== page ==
MARTIN ESPADA was born in 1957 and raised in Brooklyn, New York. His father, Frank Espada, is a political activist and an immigrant from Puerto Rico. Influenced by his activist father, photographer Frank Espada, and his own struggles with poverty, Martín Espada uses his poetry to speak for the downtrodden and the forgotten. Martin worked as a lawyer and then went on to work as an English professor at the University of Massachusetts. His poetry got national recognition for condemnation of political and social unfairness. His poems central role is the historicity that comes from the view of the victimized, the people that do not get credit for what they do, and the oppressed. Keeping his anger from being too much in his poetry, he adds humor and compassion to help lower the anger and bring other levels of meaning to his poems. Having these different levels helps the reader better relate to the point he is getting across.
Called “the Latino poet of his generation” and “the Pablo Neruda of North American authors. He has published seventeen books in all as a poet, editor, essayist and translator. The Republic of Poetry, a collection of poems published by Norton in 2006, received the Paterson Award for Sustained Literary Achievement and was a finalist for the Pulitzer Prize; his next collection, The Trouble Ball, is forthcoming from Norton in spring 2011. A collection of essays, The Lover of a Subversive is Also a Subversive, was just released by the University of Michigan. An earlier book of poems, Imagine the Angels of Bread (Norton, 1996), won an American Book Award and was a finalist for the National Book Critics Circle Award. Other books of poetry include A Mayan Astronomer in Hell’s Kitchen (Norton, 2000), City of Coughing and Dead Radiators (Norton, 1993), and Rebellion is the Circle of a Lover’s Hands (Curbstone, 1990). He has received numerous awards and fellowships, including the American Book Award, the Robert Creeley Award, the Charity Randall Citation, the National Hispanic Cultural Center Literary Award, the PEN/Revson Fellowship and a Guggenheim Foundation Fellowship. His poems have appeared in the The New Yorker, The New York Times Book Review, Harper’s, The Nation, and The Best American Poetry. He has also edited two anthologies, Poetry Like Bread: Poets of the Political Imagination from Curbstone Press (Curbstone, 1994) and El Coro: A Chorus of Latino and Latina Poetry (University of Massachusetts, 1997), and released an audiobook of poetry called Now the Dead will Dance the Mambo (Leapfrog, 2004).
His work has been translated into ten languages; collections of poems have recently been published in Spain, Puerto Rico and Chile. A former tenant lawyer, Espada is a professor in the Department of English at the University of Massachusetts-Amherst.
Espada’s work brought him numerous awards. These are some of the ones that found their place in his biography – the Robert Creeley Award, the Antonia Pantoja Award, an Independent Publisher Book Award, a Gustavus Myers Outstanding Book Award, the PEN/Revson Fellowship and two NEA Fellowships.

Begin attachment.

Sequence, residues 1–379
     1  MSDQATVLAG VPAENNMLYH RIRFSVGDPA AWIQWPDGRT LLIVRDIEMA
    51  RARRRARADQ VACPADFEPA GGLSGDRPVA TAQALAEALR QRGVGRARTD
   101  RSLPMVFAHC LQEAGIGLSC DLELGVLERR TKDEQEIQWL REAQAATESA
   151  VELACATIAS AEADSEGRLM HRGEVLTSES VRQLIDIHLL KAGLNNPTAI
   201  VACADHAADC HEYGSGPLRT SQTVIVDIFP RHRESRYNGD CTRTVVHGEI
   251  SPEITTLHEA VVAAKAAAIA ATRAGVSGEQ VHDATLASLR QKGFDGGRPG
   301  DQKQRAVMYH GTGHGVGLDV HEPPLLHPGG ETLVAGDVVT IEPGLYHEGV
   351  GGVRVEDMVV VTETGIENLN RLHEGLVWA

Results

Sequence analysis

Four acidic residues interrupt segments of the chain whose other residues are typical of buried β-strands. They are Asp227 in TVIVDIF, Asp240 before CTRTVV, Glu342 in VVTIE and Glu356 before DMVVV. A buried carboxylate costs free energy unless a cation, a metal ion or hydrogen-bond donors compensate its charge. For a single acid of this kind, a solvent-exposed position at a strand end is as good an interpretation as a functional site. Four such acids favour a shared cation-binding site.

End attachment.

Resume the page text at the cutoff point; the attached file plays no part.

Today, Martín Espada works as a professor at the University of Massachusetts-Amherst, in the Department of English. He is a teacher of Latino poetry and creative writing as well as the work of Pablo Neruda.
Awards and honors
· Paterson Award for Sustained Literary Achievement, for Poetry, and Alabanza: New and Selected Poems
· Antonia Pantoja Award
· Independent Publisher Book Award
· Gustavus Myers Outstanding Book Award
· PEN/Revson Fellowship
· NEA Fellowships.
· Massachusetts Artist’s Fellowship
· United States Artists Fellow Award 
· Rebellion is the Circle of a Lover’s Hands (1990).
· City of Coughing and Dead Radiators (1993)
· Imagine the Angels of Bread (1996)
· A Mayan Astronomer in Hell’s Kitchen (2000)
· Alabanza: New and Selected Poems (1982–2002) (2003)
· The Republic of Poetry (W. W. Norton & Company, 2006)
· The Trouble Ball: Poems (W. W. Norton & Company, 2011)
· Works by or about Martín Espada in libraries (WorldCat catalog)
· The People Speak at the Internet Movie Database
· Martín Espada Papers, Amherst College Archives and Special Collections
· Martín Espada at Modern American Poetry
· Martín Espada reads “The Soldiers in the Garden” from The Republic of Poetry. Audio files
· Martín Espada reads “Who Burns for the Perfection of Paper” from Alabanza. Video
· “A Branch on the Tree of Whitman: Martín Espada on the 150th Anniversary of Leaves of Grass. “ Quay 1.1 (May–June 2007): 1-12. Carvalho, Edward J
· “A Branch on the Tree of Whitman: Martín Espada on the 150th Anniversary of Leaves of Grass. Whitman’s Influence Spec. issue of Walt Whitman Quarterly Review 26.1 (Summer 2008): 23-34. Carvalho, Edward J (Reprint from Quay 1.1)
· “A Branch on the Tree of Whitman: Martín Espada on the 150th Anniversary of Leaves of Grass.“ MartinEspada.net (Reprint from Quay 1.1).
· “‘Taking Back the Street Corner’ (Interview with Martín Espada at UMass, 5 Mar. 2008).” Academic Freedom and Intellectual Activism in the Post-9/11 University. Carvalho, Edward J., and David B. Downing, eds. Spec. issue of Works and Days 51-54, 26-27.1/4 (2008–09): 539-52.
· “The Greatest Poet of the 20th Century in Any Language”–Celebrating Chilean Poet Pablo Neruda: Interview with Martín Espada. Goodman, Amy. Democracy Now.org. 16 July 2004.
· Interview with Martín Espada. FPIF.org (Foreign Policy in Focus). 4 Apr. 2007. Miller, E. Ethelbert.
· “Martín Espada: Poetry and The Burden of History.” Ratiner, Steven. Christian Science Monitor (March 6, 1991).